European Radiology

, Volume 28, Issue 5, pp 2176–2183 | Cite as

Hemispherical photoacoustic imaging of myocardial infarction: in vivo detection and monitoring

  • Jing Lv
  • Ya Peng
  • Shi Li
  • Zhide Guo
  • Qingliang Zhao
  • Xianzhong Zhang
  • Liming Nie
Cardiac

Abstract

Objectives

This study aimed to demonstrate the capacity for noninvasive localisation and characterisation of myocardial infarction (MI) in vivo using a hemispherical photoacoustic imaging (PAI) system. MI remains a leading cause of morbidity and mortality worldwide. To enable optimal treatment of patients, timely and accurate diagnosis and longitudinal monitoring is critical.

Methods

Ischaemia was induced in Balb/c mice by ligation of the left anterior descending artery. The hemispherical PAI system, equipped with 128 ultrasonic transducers spirally distributed on the surface, along with parallel data acquisition, was applied for imaging of the mouse heart.

Results

Our study showed that hemispherical PAI can delineate thoracic vessels and the morphology of the entire heart. Longitudinal PAI images revealed gradual expansion of the infarcted area along with necrosis and fibrosis, which were quantitatively validated by triphenyltetrazolium chloride staining. After MI modelling, the photoacoustic (PA) signal intensity decreased by 399.1 ± 56.3 (p < 0.001), a ~2.5-fold reduction compared to that of healthy cardiac tissue. The calculated size of the enlarged heart, 10.4 ± 6.0 mm2 (p < 0.001), represents an increase of ~18% versus that of a healthy heart.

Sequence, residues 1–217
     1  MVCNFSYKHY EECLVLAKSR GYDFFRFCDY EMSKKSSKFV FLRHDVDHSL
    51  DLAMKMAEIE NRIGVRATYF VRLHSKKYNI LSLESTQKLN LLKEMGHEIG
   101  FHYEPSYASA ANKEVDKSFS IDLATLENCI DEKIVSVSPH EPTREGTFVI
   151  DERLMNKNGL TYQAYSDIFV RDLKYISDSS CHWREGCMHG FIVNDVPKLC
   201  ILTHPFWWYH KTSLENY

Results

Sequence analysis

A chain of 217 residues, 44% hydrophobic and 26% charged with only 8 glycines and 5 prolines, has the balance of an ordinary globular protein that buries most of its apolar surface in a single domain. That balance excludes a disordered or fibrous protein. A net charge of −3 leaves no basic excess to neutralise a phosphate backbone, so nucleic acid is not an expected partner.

Conclusions

PAI enables MI diagnosis and injury localisation with its capabilities for both deep organ imaging and lesion region differentiation.

Key Points

Photoacoustic imaging (PAI), combining optical absorption and ultrasonic resolution, can delineate cardiac anatomy.

PAI can diagnose myocardial infarction lesions with 10 mm imaging depth in vivo.

Quantified results are in excellent agreement with enzyme and histological examinations.

PAI can serve as a complementary modality to SPECT and ultrasound imaging.

This study will encourage further PAI development for clinical use.

Keywords

Myocardial infarction Optical imaging Diagnosis Ultrasonography Single-photon emission computed tomography 

Abbreviations

MI

Myocardial infarction

SPECT

Single-photon emission computed tomography

US

Ultrasound

PA

Photoacoustic

PAI

Photoacoustic imaging

ROI

Region of interest

sO2

Oxygen saturation

cTnT

Cardiac troponin T

TTC

Triphenyltetrazolium chloride

LVIDd

Left ventricular internal diameter diastole

LVIDs

Left ventricular internal diameter systole

LVEF

Left ventricular ejection fraction

LVFS

Left ventricular fraction shortening

Notes

Compliance with ethical standards

Guarantor

The scientific guarantor of this publication is Liming Nie, PhD.

Conflict of interest

The authors of this manuscript declare no relationships with any companies whose products or services may be related to the subject matter of the article.

Statistics and biometry

Yeda Chen kindly provided statistical advice for this manuscript. No complex statistical methods were necessary for this paper.

Ethical approval

Approval from the institutional animal care committee was obtained.

Methodology

• Prospective

• Experimental

• Performed at one institution

Supplementary material

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ESM 1 (DOCX 2243 kb)
330_2017_5209_MOESM2_ESM.mov (11.4 mb)
ESM 2 (MOV 11657 kb)
330_2017_5209_MOESM3_ESM.mov (10.7 mb)
ESM 3 (MOV 10971 kb)

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Copyright information

© European Society of Radiology 2017

Authors and Affiliations

  • Jing Lv
    • 1
  • Ya Peng
    • 1
  • Shi Li
    • 1
  • Zhide Guo
    • 1
  • Qingliang Zhao
    • 1
  • Xianzhong Zhang
    • 1
  • Liming Nie
    • 1
  1. 1.State Key Laboratory of Molecular Vaccinology and Molecular Diagnosis & Center for Molecular Imaging and Translational Medicine, School of Public HealthXiamen UniversityXiamenPeople’s Republic of China

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